Online / 5 & 6 February 2022


Phyllome OS

A Fedora Remix built to leverage KVM/QEMU virtualization locally

Most Linux distributions are not designed to support desktop virtualization, and GPU vendors have failed to agree on a common way to let virtual machines access 3D capabilities (SR-IOV; vfio-pci; vfio-mdev or virtio-gpu...). The result is that it is still complicated to create fast and responsive virtual machines locally.

Phyllome OS is a Fedora Remix based on Fedora Server which attempts to make it easier to run virtual machines locally on computers that support hardware-assisted virtualization, using mostly paravirtualization (aka virtio-devices). It currently relies on existing technologies (libvirt; KVM/QEMU; virt-manager; GNOME Shell; etc), but will eventually implement its own virtual machine manager, package the cloud hypervisor as an alternative to QEMU, and use filesystem-level encryption to protect virtual machines disks. The main idea behind this OS is to treat the host, Phyllome OS, as a read-only system, i.e. as a mere appliance to host virtual machines. The presentation will give a demonstration of Phyllome OS in its current state.

Despite steady progress, especially on the KVM/QEMU front, desktop virtualization today still leaves much to be desired when it comes to usability. For most users, it is still complicated to create virtual machines with advanced media capabilities, including 3D acceleration. 3D-accelerated guests are a must-have nowadays and most desktop environments leverage it to provide a smooth user experience. Existing approaches attempting to grant 3D capabilities to virtual machines are not straightforward, sometimes incompatible and often require trade-offs between usability, performance and security. As a result, a successful implementation on a single host typically requires careful considerations and is often hardware-dependent. For instance, passing through real hardware to a virtual machine using vfio-pci is only possible if the piece of hardware is well-isolated in a single IOMMU group. Paravirtualization, on the other hand, and especially virtio-gpu, promises to be hardware-independent but is not (yet?) supported by all modern guest operating systems.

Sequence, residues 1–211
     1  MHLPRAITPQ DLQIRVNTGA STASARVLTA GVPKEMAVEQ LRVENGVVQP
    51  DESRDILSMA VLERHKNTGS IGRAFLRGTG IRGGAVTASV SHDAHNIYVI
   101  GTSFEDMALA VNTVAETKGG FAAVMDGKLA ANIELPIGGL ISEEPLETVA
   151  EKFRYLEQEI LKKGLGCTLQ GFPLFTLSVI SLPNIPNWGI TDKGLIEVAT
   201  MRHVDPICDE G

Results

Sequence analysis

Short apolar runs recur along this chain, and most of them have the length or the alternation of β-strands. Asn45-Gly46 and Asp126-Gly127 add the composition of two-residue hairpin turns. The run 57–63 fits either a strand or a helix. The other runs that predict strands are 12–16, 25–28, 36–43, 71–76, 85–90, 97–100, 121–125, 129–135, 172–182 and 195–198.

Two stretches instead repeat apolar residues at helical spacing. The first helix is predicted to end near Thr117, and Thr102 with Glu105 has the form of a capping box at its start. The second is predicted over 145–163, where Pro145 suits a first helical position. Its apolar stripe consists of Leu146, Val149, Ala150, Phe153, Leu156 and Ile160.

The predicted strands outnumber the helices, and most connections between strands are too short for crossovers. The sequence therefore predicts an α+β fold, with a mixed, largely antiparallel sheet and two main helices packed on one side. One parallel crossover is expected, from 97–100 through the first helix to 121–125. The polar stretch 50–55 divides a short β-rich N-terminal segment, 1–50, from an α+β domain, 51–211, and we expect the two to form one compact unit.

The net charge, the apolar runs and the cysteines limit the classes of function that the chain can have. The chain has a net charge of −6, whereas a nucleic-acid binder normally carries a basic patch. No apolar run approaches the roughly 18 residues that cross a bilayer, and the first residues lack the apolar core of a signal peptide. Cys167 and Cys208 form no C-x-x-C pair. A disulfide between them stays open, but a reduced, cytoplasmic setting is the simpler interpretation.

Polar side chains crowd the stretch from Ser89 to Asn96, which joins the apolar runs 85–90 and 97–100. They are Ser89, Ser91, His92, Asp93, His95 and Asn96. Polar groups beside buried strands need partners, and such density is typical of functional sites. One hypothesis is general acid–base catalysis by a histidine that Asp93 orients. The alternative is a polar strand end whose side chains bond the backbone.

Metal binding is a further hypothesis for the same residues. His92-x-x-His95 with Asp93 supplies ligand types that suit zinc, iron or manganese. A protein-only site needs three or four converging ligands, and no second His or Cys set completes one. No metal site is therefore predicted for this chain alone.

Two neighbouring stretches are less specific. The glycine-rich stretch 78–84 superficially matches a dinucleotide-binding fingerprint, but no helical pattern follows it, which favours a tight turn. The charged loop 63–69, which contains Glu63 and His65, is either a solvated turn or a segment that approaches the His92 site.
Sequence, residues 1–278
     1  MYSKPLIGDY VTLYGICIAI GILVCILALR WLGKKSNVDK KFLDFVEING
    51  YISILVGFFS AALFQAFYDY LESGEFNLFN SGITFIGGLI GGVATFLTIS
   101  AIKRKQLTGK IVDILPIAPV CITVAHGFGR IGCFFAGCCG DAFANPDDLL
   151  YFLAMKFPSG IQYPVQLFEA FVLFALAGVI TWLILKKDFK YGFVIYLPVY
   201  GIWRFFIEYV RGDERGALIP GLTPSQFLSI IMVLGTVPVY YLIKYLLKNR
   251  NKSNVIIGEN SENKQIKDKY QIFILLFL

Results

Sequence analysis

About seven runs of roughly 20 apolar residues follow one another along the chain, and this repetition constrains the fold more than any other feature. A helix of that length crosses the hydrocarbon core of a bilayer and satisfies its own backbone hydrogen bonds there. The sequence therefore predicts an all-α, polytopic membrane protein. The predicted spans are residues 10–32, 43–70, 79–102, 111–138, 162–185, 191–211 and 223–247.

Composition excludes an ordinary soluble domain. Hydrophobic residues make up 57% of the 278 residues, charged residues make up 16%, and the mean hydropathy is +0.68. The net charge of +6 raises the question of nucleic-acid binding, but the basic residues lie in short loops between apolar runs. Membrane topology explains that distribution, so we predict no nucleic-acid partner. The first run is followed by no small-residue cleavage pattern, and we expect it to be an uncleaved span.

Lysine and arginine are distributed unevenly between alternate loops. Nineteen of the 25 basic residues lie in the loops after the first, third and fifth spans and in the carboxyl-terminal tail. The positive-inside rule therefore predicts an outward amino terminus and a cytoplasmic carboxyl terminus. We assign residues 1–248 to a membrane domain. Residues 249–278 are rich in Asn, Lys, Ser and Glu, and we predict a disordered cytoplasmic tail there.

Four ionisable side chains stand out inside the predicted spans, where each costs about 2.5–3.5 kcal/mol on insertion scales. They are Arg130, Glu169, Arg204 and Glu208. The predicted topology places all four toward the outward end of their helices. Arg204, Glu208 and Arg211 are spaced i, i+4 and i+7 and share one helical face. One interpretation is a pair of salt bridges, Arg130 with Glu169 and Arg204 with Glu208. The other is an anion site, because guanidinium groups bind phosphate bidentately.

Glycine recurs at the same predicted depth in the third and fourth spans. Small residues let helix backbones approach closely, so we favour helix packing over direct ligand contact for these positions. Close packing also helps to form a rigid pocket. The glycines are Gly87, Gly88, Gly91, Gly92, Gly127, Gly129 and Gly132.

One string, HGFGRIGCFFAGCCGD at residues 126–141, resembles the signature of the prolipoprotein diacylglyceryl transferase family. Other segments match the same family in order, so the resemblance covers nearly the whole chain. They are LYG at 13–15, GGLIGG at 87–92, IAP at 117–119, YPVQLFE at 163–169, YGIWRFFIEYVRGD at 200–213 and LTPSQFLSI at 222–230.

What if an operating system was designed to provide the best experience regardless of the guest operating system in use?


Lukas Greve